Humor of Japanese Language School in Tokyo is adapted from a humorous book by David Sedaris: ‘When You Are Engulfed in Flames’, with this part about struggling to learn Japanese.
Here is an excerpt from the chapter The Smoking Section, in the book, pages 279-285:
Our session ran from 9:00 to 12:45, and during that time we had two different teachers, both women and both remarkably kind. With Ishikawa-sensei we began at the beginning: Hello. Nice to meet you. I am Lee Chung Ha, Keith, Matthieu, and so on.
Out of ten students, four are Korean, three are French, two are American, and one is Indonesian. I was luckily not the oldest person in the room.
It’s sad, really. Put me in a classroom, and within five minutes it all comes back: the brownnosing, the jealousy, the desire to be the best student, and the reality that I’ve never been smart enough.
I like Sang Lee, the seventeen year old Korean girl who sits in the second row. Actually, “like” is probably not the right word. More than that, I need her, need someone who’s worse than I am, someone I can look down on.
Because this is a class for beginners, I didn’t think that anyone would know the hiranga alphabet. A character or two, maybe, but certainly not the entire thing. When it turned out that everyone knew it, everyone but me and this little idiot Sang Lee, I was devastated.
“Where did you learn this?” I asked one of the French students.
And he said, very matter-of-factly, “Oh, I just picked it up.”
“A flu is something you ‘just pick up,’” I told him. “But a forty-six character alphabet isn’t learned unless you sit down and stuff it inside your head.”
“Picked it up,” indeed. I know two characters. That’s it. Only two. This puts me two ahead of that lovable nitwit, Sang Lee, but still, it’s not much of a lead.
Now I see that, like it or not, I am reverting to my twenty-year-old self, at least scholastically.
Yesterday morning we took a hiranga (alphabet) test. Out of a possible 100 points, I received 39. It was the worst grade in the class, but the teacher still decorated my paper with a fanciful sticker and the message,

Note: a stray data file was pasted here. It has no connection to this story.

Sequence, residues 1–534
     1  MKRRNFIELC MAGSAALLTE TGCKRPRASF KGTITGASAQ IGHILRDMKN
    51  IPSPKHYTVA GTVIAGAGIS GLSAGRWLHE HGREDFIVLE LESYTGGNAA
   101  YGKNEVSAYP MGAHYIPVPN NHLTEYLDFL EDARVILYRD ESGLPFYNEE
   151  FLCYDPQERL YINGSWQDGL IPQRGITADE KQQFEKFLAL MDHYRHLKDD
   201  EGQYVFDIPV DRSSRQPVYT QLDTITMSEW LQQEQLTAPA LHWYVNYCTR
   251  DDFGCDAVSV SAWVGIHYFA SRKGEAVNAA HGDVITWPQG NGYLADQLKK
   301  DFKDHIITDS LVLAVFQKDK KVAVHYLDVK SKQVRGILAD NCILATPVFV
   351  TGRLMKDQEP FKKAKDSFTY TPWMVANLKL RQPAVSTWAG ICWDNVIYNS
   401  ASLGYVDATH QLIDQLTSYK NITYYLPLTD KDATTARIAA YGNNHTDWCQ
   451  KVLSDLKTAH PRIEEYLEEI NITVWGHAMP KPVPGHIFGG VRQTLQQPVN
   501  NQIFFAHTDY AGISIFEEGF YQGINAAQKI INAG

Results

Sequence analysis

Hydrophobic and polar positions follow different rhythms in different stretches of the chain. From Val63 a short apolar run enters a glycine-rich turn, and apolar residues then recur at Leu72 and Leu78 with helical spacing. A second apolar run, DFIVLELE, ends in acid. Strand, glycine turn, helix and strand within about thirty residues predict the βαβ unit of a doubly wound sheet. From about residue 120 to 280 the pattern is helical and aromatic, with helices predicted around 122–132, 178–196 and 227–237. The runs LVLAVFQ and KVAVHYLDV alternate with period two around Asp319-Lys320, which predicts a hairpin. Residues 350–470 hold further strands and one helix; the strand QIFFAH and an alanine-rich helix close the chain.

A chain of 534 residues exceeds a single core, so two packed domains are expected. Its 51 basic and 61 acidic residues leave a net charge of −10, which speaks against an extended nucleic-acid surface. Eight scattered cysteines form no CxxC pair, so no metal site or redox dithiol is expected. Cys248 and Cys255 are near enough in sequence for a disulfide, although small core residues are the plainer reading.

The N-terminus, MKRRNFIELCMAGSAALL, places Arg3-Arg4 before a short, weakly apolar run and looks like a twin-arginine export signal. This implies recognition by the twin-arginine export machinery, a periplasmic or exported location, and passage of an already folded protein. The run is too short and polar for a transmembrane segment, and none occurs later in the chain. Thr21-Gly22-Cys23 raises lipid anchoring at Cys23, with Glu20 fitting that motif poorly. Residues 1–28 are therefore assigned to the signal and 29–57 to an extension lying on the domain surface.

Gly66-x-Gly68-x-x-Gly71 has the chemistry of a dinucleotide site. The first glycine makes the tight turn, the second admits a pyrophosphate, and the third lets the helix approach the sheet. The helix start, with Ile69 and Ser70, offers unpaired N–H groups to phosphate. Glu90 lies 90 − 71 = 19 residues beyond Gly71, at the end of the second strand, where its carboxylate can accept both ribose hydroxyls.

As school continues, so does the parade of new teachers. We had two different ones yesterday. Both were patient and enthusiastic, but neither could match the exuberance of Miki-sensei.
At one point she asked me how to say the number ‘six’. I hesitated a little too long, and out of the corner of her mouth, she whispered,
She whispered it a second time
and when I successfully repeated after her,
she applauded with what looked like genuine sincerity
and told me I had done really, really well.
We were given a dictation quiz yesterday, and I found myself wanting to cry. It’s not just that I’m the worst student in the class, it’s that I’m CLEARLY the worst student in the class, miles behind that former dope, Sang Lee.
What makes it that much harder to bear is the teacher’s kindness, which has come to feel like pity.
“You can keep your book open,” Miki-sensei told me, but even that didn’t help. Instead of ‘kyoshi’ I wrote ‘quichi’.
“It’s all right,” Miki-sensei said. “You’ll get it eventually.”
After dictation we opened our books and read out loud. Mae Li breezed right along, as did Indri and Claude.
Then came my turn.
“This,” Sang Lee whispered.
I went through this with French school but never knew how easy I had it. Certain letters might not be pronounced (in French), but at least it’s the same alphabet (as English).